It is completely unclear to me why GearHedEd thinks it would be a point in his favor if the latter part of Acts contained no reported miracles. The suggestion that the gospels and the earlier parts of Acts are entirely fabricated does not warrant serious discussion.

But for the record, here is a partial list of miracles recounted in Acts from chapter 10 onward:

* Peter is liberated from prison by an angel (Acts 12:5-11)

* Paul temporarily blinds the sorcerer Elymas (Acts 13:9-12)

* Paul and Barnabas work miracles on their missionary journey (Acts 14:3)

* Paul cures the lame man of Lystra (Acts 14:7-9)

* Paul exorcises girl possessed of a divining spirit (Acts 16:16-18)

* Chains fall from Paul and Silas in prison (Acts 16:25-30)

* Paul raises Eutychus from the dead (Acts 20:9-12)

* Paul shakes off a viper from his arm and suffers no hurt (Acts 28:3-6)

* Paul heals Publius’s father of dysentery (Acts 28:7-8)

* Paul heals all the sick brought to him on Malta (Acts 28:9)

In addition, Tim could have also pointed out that the presence of signs and wonders was used as one of the major reasons which justified the Gentile ministry of Paul and Barnabas to the Council of Jerusalem. 

In other words, you should expect it to be the case that the more you find support for historicity, the less likely you are to find miracle claims, if naturalism is true. But this is not the case, so that disconfirms the naturalistic hypothesis.

Friday, October 29, 2010

A further reply to Arizona Atheist

Thank you for your response. First of all, while I think the OTF, used as a heuristic, can help us try to escape our biases, I have serious doubts, based on my training in epistemology, that real, genuine, freedom from bias is really possible. In the real world, we have to chip away at our biases, as opposed to performing some miraculous operation that will eliminate them entirely. As Steven Jay Gould once said, "We don't know what our biases are, because if we did, we'd eliminate them." Interesting enough, in the Christian Delusion Loftus emphasizes all the sources of bias that we fall prey to, which suggests to me that we aren't going to achieve intellectual liberation with one simple test, or just by "being careful." Intellectual sainthood is about as rare as moral sainthood, as I see it. And, I really don't believe in the existence of "neutral ground."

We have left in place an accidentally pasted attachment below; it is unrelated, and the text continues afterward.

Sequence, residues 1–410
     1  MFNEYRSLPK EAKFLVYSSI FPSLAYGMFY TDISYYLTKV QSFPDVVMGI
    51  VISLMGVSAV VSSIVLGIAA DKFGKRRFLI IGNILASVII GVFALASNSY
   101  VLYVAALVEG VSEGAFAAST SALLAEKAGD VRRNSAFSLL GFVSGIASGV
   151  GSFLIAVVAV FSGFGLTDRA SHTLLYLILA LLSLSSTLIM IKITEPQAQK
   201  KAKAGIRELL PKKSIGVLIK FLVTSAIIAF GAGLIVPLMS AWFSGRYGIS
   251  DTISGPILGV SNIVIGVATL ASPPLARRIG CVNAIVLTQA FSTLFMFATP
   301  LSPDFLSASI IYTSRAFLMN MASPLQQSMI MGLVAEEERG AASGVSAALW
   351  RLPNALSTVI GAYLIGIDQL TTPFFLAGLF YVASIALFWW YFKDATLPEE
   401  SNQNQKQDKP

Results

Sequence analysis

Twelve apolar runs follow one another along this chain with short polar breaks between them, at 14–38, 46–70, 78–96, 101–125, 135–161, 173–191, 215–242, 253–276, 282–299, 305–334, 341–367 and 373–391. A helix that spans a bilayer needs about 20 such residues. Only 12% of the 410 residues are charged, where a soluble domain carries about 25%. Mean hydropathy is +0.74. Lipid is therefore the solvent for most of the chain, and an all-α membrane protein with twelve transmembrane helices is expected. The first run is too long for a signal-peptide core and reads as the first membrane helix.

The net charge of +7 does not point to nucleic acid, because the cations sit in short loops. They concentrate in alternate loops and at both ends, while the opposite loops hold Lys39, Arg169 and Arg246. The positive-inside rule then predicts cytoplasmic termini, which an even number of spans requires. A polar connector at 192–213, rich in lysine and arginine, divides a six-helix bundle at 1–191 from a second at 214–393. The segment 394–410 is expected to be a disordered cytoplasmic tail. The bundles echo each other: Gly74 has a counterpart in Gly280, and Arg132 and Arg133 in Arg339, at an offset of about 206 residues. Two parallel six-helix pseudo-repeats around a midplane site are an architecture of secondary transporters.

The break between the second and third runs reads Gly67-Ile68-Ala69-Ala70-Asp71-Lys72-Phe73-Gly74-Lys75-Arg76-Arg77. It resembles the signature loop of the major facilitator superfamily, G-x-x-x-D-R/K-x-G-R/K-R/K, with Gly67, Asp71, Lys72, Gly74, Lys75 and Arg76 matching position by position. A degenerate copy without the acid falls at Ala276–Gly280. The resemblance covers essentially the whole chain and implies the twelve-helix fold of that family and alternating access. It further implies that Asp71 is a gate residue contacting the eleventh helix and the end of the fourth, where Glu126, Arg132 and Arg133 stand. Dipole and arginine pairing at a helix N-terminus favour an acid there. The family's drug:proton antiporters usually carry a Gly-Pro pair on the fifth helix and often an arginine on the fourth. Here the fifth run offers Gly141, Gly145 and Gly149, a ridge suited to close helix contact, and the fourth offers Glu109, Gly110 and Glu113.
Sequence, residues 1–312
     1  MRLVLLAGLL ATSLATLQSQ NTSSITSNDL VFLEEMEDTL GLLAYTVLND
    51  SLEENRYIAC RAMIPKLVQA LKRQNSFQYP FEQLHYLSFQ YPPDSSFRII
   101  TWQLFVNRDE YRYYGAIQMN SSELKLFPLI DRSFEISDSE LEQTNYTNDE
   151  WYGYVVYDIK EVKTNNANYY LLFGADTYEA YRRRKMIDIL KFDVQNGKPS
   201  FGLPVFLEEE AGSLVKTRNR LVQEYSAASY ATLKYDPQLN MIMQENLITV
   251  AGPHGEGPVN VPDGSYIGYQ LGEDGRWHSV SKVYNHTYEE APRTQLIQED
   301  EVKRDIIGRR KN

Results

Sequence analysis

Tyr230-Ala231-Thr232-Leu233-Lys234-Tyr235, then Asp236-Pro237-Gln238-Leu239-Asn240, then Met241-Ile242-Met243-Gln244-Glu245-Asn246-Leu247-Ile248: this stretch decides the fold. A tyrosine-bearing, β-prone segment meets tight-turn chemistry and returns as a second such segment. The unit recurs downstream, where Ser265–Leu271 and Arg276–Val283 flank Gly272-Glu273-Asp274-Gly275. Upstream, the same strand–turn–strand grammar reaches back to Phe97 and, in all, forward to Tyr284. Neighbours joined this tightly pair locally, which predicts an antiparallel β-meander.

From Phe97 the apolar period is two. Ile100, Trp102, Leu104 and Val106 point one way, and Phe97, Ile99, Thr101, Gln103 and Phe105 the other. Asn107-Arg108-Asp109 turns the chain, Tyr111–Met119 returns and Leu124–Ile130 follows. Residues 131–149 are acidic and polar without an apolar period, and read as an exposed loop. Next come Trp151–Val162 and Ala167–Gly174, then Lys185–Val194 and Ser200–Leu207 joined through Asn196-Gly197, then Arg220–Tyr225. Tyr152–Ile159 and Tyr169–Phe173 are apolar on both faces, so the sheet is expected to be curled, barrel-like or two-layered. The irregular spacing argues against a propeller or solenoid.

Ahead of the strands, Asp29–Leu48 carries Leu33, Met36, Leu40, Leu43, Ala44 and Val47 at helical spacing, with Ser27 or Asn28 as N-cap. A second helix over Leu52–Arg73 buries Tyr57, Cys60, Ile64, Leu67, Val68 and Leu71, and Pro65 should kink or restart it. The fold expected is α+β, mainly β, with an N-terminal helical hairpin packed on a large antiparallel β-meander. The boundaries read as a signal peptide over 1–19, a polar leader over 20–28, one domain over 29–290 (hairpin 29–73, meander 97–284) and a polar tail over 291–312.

Second, there may have been passages in the site which I referenced which indicate a Christian bias. Unfortunately, the link to the page is now broken, so I couldn't check the passages to see if, in full context, your reading of them was correct.

But, even if they fell into question-begging at certain points doesn't mean that the central argument of the site begs the question. The site, as I saw it, was primarily concerned with comparing the manuscript evidence, the documentary evidence, and the archaeological evidence for the Bible and the Qur'an. Suppose they had stuck to just those comparisons. It looks to me as if those comparisons can be made, and that, in fact, the Bible does come out better if you compare on those grounds. I don't expect any investigator to be perfectly unbiased, but this site did set of a format which, if they stuck to the format, would show a legitimate difference between the Bible and the Qur'an. Thus, so far as I can see, evidence does exist that gives us better reason to believe that the Bible is revelatory than to believe that believe that the Qur'an is. So at least some of their content falls into neither category that Loftus mentioned: either assuming methodological naturalism on the one hand, or assuming the truth of the Bible on the other. And my claim is that it looks perfectly possible to find reasons to believe in Christianity that one cannot find for Islam.